This article appeared in the Sunday Herald
WHAT IS IT? It is the day they cannot spoil, the day when honest oarsmen toil! Once a year along the Thames, scholars are prone to losing their boaters, such is their excitement as crews from Oxford and Cambridge compete in an event which one team of eight wins and the other generally loses. As John Snagge famously relayed in his commentary on the wireless in 1949: “I can’t see who’s in the lead but it’s either Oxford or Cambridge.” In 1877 the thing was declared a dead heat, but only because the judge, “Honest John” Phelps, had fallen asleep under a bush near the finish. The other great tradition around race day is for young gentlemen to attempt to steal policemen’s helmets, a task made significantly harder now the Peelers all ride around on mountain bikes.
WHAT’S THE COURSE? Starting at Putney and finishing at Mortlake, the teams follow an S Shape, from east to west. The coxes, usually boys of about eight or nine, compete for the best current, in the middle of the river. A crew that gets a lead of more than a boat’s length can cut in front of the opposition and few races have a change of lead if this happens. In 2002, however, the favoured Cambridge crew led with only a few hundred metres to go when one of their oarsmen collapsed from exhaustion and Oxford rowed through to win. The fellow is now most likely in charge of a hedge fund.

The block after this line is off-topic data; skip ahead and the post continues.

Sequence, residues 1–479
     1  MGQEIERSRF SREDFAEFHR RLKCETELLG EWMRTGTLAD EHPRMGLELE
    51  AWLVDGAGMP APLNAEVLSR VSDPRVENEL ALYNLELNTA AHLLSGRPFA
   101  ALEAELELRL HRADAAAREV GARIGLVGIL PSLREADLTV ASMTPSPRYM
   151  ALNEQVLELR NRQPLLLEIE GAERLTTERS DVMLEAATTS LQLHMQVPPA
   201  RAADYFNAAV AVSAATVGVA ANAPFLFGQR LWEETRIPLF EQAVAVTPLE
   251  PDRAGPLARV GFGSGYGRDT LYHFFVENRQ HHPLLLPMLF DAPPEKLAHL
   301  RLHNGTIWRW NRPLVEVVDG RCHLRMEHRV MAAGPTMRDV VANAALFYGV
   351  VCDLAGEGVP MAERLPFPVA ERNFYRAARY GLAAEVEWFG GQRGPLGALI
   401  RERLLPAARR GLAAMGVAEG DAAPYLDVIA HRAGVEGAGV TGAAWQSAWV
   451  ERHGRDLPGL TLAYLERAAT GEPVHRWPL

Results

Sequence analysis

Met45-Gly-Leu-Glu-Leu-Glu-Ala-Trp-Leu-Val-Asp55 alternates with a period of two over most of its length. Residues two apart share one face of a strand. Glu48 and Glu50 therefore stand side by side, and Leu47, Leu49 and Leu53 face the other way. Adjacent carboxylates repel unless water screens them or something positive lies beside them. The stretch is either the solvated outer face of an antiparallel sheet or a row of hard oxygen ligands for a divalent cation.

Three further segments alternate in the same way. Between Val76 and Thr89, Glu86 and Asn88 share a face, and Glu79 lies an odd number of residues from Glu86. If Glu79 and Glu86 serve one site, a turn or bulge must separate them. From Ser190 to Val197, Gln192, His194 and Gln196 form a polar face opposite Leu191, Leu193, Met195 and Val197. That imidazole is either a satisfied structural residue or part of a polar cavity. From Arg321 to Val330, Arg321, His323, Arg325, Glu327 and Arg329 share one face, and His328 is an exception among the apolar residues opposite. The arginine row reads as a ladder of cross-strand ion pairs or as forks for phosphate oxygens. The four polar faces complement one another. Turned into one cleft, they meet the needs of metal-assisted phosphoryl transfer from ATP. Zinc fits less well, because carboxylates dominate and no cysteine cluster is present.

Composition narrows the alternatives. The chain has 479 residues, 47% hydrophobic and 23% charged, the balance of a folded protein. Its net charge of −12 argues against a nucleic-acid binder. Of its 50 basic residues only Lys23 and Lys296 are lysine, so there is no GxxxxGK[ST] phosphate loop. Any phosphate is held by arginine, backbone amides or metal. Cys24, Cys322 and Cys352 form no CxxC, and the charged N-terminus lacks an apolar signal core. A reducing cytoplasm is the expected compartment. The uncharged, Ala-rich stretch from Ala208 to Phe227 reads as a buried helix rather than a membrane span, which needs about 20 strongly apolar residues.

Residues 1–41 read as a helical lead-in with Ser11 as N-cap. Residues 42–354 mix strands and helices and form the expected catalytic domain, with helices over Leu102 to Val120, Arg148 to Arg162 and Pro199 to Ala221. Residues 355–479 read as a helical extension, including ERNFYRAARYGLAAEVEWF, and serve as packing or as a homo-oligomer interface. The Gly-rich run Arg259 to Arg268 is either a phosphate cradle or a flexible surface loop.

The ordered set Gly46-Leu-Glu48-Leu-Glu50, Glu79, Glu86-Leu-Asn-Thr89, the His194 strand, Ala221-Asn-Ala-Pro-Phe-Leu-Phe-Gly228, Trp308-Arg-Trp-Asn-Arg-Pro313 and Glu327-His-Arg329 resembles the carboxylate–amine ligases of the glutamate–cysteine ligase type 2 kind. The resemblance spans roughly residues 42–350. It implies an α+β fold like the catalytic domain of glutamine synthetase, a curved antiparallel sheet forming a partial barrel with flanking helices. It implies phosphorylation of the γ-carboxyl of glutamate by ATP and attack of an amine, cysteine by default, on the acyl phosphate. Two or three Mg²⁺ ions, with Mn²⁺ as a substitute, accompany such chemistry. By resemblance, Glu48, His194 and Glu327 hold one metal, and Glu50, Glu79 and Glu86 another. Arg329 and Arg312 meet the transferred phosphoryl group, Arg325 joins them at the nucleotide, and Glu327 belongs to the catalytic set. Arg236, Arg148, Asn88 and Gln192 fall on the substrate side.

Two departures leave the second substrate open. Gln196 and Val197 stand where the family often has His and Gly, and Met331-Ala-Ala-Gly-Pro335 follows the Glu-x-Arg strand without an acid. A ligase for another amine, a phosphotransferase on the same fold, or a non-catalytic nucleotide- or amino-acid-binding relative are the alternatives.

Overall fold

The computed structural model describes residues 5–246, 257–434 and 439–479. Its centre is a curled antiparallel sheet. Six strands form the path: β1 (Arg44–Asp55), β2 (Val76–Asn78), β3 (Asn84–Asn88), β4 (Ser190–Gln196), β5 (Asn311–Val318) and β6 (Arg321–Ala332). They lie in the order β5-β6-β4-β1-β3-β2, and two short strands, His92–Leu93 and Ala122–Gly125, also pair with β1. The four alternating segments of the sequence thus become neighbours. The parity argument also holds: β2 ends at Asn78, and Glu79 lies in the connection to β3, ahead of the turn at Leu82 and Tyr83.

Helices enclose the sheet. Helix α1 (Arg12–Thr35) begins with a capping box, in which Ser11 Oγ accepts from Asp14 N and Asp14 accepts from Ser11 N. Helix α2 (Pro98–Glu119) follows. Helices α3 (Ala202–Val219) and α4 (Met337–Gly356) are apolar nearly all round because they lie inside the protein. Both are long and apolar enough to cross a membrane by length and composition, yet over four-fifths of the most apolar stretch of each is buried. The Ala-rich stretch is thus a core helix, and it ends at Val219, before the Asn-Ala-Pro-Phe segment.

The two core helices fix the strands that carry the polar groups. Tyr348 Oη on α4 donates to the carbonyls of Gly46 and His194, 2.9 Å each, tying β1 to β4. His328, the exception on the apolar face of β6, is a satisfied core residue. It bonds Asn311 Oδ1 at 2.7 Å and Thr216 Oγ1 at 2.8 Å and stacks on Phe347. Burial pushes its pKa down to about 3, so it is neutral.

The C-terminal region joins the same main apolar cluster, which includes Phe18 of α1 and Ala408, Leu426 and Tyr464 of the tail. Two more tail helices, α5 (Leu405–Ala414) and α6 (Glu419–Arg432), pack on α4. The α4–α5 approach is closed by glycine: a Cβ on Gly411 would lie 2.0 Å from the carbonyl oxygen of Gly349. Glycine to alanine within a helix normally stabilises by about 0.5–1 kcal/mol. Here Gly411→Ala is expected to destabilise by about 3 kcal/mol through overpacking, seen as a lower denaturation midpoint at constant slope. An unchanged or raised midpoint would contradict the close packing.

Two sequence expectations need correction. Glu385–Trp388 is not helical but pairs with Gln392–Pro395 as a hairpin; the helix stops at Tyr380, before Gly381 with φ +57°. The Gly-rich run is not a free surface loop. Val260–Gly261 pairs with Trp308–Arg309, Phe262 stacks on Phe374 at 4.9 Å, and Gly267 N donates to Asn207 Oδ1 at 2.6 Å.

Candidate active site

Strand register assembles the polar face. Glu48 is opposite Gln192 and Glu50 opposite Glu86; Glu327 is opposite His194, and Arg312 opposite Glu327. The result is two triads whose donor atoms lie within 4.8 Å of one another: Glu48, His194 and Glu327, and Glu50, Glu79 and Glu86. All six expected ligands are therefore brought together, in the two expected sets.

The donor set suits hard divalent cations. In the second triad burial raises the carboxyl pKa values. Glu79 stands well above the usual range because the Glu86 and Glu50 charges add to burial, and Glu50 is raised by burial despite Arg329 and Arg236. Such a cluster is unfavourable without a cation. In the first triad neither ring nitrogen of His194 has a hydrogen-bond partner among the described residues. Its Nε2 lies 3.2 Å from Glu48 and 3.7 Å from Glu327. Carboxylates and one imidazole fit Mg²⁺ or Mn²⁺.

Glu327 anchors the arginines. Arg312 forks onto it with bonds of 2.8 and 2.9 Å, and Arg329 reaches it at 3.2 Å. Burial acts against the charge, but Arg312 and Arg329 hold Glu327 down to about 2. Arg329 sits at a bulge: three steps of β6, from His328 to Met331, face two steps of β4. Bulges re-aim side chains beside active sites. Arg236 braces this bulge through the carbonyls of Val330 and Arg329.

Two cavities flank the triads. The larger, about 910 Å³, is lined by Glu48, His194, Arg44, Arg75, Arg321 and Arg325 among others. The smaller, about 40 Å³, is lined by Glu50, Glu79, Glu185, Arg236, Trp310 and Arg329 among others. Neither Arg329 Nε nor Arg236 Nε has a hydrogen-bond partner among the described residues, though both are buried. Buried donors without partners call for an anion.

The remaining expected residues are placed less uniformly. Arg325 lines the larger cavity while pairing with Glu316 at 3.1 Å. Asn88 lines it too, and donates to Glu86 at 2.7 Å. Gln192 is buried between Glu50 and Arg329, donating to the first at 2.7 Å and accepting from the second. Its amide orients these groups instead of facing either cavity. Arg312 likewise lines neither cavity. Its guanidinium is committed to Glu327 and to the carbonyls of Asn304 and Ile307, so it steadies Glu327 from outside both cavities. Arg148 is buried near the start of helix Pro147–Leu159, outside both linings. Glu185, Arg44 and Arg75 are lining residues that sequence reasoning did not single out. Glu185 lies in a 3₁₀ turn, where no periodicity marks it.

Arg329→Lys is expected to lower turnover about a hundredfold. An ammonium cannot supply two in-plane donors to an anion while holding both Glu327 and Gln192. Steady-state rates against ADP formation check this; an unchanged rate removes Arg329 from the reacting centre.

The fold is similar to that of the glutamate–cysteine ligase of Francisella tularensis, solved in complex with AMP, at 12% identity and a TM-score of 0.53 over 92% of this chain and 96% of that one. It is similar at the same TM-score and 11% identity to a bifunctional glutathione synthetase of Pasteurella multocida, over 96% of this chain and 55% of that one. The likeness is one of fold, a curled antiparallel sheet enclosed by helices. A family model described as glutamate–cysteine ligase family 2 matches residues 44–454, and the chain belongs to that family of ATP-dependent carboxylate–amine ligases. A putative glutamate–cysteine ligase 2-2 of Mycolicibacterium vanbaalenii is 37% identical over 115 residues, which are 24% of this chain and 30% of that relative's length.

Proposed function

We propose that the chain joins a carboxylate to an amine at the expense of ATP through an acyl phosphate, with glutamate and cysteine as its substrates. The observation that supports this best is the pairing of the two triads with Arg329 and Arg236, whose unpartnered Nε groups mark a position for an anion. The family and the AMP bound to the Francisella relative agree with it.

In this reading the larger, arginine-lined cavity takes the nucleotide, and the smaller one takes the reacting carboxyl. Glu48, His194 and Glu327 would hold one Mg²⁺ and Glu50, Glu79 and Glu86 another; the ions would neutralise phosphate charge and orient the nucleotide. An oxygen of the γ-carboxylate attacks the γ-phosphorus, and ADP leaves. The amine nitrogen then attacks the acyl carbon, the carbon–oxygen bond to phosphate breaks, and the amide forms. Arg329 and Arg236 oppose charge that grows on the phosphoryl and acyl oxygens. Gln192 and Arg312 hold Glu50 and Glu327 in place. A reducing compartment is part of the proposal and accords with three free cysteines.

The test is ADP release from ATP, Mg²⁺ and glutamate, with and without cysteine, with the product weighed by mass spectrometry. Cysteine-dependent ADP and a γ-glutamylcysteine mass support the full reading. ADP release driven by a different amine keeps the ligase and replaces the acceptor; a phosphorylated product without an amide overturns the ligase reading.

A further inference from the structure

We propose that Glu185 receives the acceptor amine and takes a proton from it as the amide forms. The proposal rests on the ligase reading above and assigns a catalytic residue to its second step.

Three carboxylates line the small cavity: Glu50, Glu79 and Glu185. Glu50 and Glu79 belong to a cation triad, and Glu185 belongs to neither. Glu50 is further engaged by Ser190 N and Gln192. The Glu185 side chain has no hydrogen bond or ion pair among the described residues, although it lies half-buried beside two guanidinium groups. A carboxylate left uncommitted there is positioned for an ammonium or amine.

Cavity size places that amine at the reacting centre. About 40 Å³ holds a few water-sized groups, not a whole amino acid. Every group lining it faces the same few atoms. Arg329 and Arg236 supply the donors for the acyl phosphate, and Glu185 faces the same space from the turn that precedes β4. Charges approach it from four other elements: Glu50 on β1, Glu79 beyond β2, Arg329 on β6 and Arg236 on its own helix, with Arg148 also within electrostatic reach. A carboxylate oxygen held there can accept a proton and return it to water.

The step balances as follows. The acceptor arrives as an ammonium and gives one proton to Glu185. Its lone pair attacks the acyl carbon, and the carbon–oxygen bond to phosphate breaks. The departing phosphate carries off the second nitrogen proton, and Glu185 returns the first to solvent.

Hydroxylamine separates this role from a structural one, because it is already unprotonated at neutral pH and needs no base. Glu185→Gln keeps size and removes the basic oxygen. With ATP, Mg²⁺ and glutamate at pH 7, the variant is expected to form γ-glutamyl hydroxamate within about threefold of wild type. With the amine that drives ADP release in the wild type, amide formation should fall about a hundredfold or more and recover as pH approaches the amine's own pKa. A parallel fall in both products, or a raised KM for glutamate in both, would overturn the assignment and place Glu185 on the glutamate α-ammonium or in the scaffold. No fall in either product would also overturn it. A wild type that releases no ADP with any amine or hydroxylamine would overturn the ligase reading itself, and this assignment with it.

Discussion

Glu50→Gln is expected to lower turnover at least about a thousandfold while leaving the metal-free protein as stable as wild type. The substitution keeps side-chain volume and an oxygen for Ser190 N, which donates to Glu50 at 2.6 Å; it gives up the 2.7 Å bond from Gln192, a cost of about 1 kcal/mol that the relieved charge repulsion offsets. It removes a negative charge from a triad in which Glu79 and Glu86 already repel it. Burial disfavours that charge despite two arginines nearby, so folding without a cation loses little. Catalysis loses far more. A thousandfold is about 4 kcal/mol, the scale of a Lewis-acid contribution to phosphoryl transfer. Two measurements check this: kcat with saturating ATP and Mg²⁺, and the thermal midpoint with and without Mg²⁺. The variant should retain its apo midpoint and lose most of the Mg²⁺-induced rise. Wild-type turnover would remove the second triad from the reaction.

WHO WILL WIN? Well, Oxford won last year, but Cambridge have had marginally more victories overall. Of course, fewer and fewer Englishmen “get their blues” these days: Germans and Americans – including the abominably named twins, Tyler and Cameron Winklevoss (both Oxford) – account for half the rowers this year. It should be noted that on the only two occasions when crews have mutinied – 1959 and 1987 – Americans were the orchestrators. Hugh Laurie, who rowed for Cambridge in 1980, now also pretends to be American on television, evidence surely of England’s general decline.